Women’s fear of men deserves validation

When a little kid is bitten by a dog, it’s understandable that they might be scared of all dogs from then on. When one hears about someone else being bitten by a dog, it’s understandable for them to be scared of all dogs from that moment on. When a woman is harassed, abused, or assaulted by a man, she might be scared of all men from then on. That is also understandable. And it cannot be disregarded. 

91 percent of rape and sexual assault victims are women and 99 percent of their perpetrators are men, according to a report from the U.S. Department of Justice. Rape and sexual assault are an incredibly prevalent topic, and with these statistics, people must acknowledge that assault is an issue most often victimizing women and perpetrated by men. In conversations surrounding assault, there is an omnipresent fear that women will be harmed by men.

Even if a woman has not experienced rape or sexual assault, she still might have a reason to fear men. Women frequently deal with violence, danger, and overall unsafety that is most often perpetrated by men. They are also surrounded by the stories of women who have experienced what they fear most. From a young age, women are taught to protect themselves because they know there is a possibility of it happening to them.

Stella Wellborn, a senior at Berkeley High School said that she carries a bottle of pepper spray, shares her location with her friends and family, and pays close attention to her surroundings when she’s out because she’s been told horror stories of what could happen to her. She isn’t alone — women are constantly informed that they are inherently vulnerable and that they need to worry about their safety. They’re conditioned to feel like someone’s prey, so they shouldn’t be blamed for fear of their predators.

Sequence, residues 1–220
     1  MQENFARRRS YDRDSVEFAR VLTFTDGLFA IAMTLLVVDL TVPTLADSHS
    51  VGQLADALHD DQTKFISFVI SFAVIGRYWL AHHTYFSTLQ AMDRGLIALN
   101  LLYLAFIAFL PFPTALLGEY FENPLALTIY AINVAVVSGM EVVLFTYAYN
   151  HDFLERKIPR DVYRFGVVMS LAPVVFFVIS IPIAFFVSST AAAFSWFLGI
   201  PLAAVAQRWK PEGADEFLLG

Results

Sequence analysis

More than just physical assault, women are afraid of men in other social situations. 32 percent of women report receiving unwanted attention from male strangers, which often result in avoiding walking near men.

While it may be understandable for women to have a generalized fear of men given the experiences they’ve had or heard of, not all men are to blame. There are certainly men that women don’t have to worry about and don’t deserve to be put into the same category as those who do such awful things, but women don’t always know that. It’s not a matter of which man a woman is afraid of because there isn’t a formula to tell whether a man will hurt them or not. 

“Even if I pass a man who doesn’t seem suspicious, I’m still on edge and a little bit scared, and I’ll try to avoid them,” Wellborn said. 

It’s safer to be cautious of all men than to be irreparably hurt by someone who took advantage of your vulnerability. This is a reflection of the female experience, not an inherent reflection of men. 

Imagine that 99 percent of animal bites came from a dogs. At that point, a fear of dogs would be more than understandable. Because of a dangerous experience with one dog, or hearing about someone else’s experience, people see all dogs as threatening. People can’t know whether every dog will hurt them, so they are cautious around each one they encounter. Men cannot be equated to dogs, but the analogy serves to compare people’s recurring experiences that lead to fear. It’s understandable for women to develop a wariness for men and act cautiously if the vast majority of women have been harmed by a man. It’s not all men, but it’s almost all women. It’s not a choice women make, it’s the world they’re forced to live in.